When Myhotel in London's Bloomsbury opened in 1999, the feng shui craze was at its height. So it was hardly surprising that when it became known that owner Andy Thrasyvoulou had employed guru William Spear to apply the principles of feng shui to the hotel, the press were excited.
From Feng Shui for Modern Living to Brides magazine, the national media lauded the hotel's principles of rounded curves and natural light, soothing areas and relaxing aromas pumped into the 76-bedroom hotel.
But today, as Thrasyvoulou sits to discuss the £4.5m purchase of the former Pearl Assurance building in Glasgow and his plans to expand, there is little discussion of feng shui. Now, it is all about allowing guests to own their experience and looking for joint-venture partners to finance his expansion dream of 20 hotels in seven years.
So was the feng shui theme a disingenuous ploy to capture the momentum of a passing bandwagon? He smiles gracefully before replying. "We never intended the feng shui to be a headline," he says. "It was an extension of the architecture and the harmony of people in a space. Feng shui is part of the whole project, not the key element."
For something that wasn't intended to garner headlines, feng shui certainly got the hotel noticed. But surviving would be another story. Thrasyvoulou believes that customer service and his genuine desire for "guests to leave feeling they have had an experience they themselves owned" have contributed to 52% of guests returning and paying an average room rate of £140 in 1999-2000. He estimates that the average rate will reach £160 in 2000-01 and stabilise at £175 by 2002. Occupancy in 1999-2000 was 80% and is forecast to be 85.3% in 2000-01.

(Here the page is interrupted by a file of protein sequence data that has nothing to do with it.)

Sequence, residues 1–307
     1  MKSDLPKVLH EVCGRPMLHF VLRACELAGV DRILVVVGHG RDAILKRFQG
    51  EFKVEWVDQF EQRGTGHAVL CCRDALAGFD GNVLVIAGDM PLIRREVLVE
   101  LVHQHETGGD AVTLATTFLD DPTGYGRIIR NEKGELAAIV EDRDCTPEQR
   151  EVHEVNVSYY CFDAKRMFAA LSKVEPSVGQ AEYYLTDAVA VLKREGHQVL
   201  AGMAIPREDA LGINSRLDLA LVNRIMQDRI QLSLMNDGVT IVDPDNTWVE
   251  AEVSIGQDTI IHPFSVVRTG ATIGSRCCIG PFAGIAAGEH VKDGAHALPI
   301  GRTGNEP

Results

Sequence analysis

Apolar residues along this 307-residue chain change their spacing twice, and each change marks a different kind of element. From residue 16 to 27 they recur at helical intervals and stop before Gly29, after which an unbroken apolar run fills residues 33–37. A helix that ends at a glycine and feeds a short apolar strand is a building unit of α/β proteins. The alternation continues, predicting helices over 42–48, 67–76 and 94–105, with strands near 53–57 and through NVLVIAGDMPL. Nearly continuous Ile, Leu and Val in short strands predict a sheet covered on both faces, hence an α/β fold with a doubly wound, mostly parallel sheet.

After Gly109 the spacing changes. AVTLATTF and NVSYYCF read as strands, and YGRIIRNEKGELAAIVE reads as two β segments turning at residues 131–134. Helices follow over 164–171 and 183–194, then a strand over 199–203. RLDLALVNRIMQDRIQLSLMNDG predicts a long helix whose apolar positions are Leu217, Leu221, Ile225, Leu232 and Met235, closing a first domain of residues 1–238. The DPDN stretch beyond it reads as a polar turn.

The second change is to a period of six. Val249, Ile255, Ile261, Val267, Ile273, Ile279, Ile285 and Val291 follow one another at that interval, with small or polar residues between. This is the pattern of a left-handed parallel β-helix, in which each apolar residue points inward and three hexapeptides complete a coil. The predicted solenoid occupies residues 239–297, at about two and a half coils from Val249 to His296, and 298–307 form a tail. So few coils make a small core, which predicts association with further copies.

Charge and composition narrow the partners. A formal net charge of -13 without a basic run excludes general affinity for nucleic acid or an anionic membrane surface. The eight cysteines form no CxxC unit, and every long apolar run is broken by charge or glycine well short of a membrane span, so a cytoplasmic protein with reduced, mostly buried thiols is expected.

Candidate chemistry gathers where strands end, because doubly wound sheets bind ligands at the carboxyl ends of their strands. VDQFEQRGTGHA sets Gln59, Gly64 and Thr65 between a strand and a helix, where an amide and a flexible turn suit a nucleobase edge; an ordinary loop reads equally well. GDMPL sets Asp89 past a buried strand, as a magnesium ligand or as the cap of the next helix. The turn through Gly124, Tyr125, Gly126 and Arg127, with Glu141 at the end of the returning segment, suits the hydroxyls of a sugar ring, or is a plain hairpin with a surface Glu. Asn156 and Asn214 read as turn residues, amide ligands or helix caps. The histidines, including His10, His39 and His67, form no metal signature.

The idea of "owning an experience" is marketing-speak but Thrasyvoulou believes it fits with the hotel's 25- to 40-year-old professional customers. "Our target audience are self-navigators," he says. "They do not want to be told what to do or when. They want to be unique and involved. They do not like brands. This is ‘my', which to each individual means ‘yours'."
He denies that he is simply paying lip service to individual guest experiences and points to the elements which he believes make the hotel stand out. For example, guests provide personal details before arriving, including which CDs they'd like in their rooms, so check-in requires only a signature, which can be done in the room; there's one phone number for guest services ranging from laundry to theatre tickets; and there's a guests-only library, offering sanctuary from the world, although there are computers and Internet access for those who need them.
Myhotel attracts corporate business from the worlds of media, fashion and hi-tech with clients including MTV, Granada, Saatchi & Saatchi, Calvin Klein and Sony. Of the £4.2m turnover in 1999-2000, 47% came from the corporate market.
But Thrasyvoulou admits that he did not get it all right first time around. The hotel's restaurant, Mychi, was not a success. Last June, Yo! Sushi moved in, paying Myhotel a guaranteed rent and top-up if turnover exceeds a set level. Thrasyvoulou is good at finding silver linings, however, and has begun to explore the idea of partnering with other like-minded brands. "If a site has lots of ground-floor space, we could select a partner to take that as retail space," he says.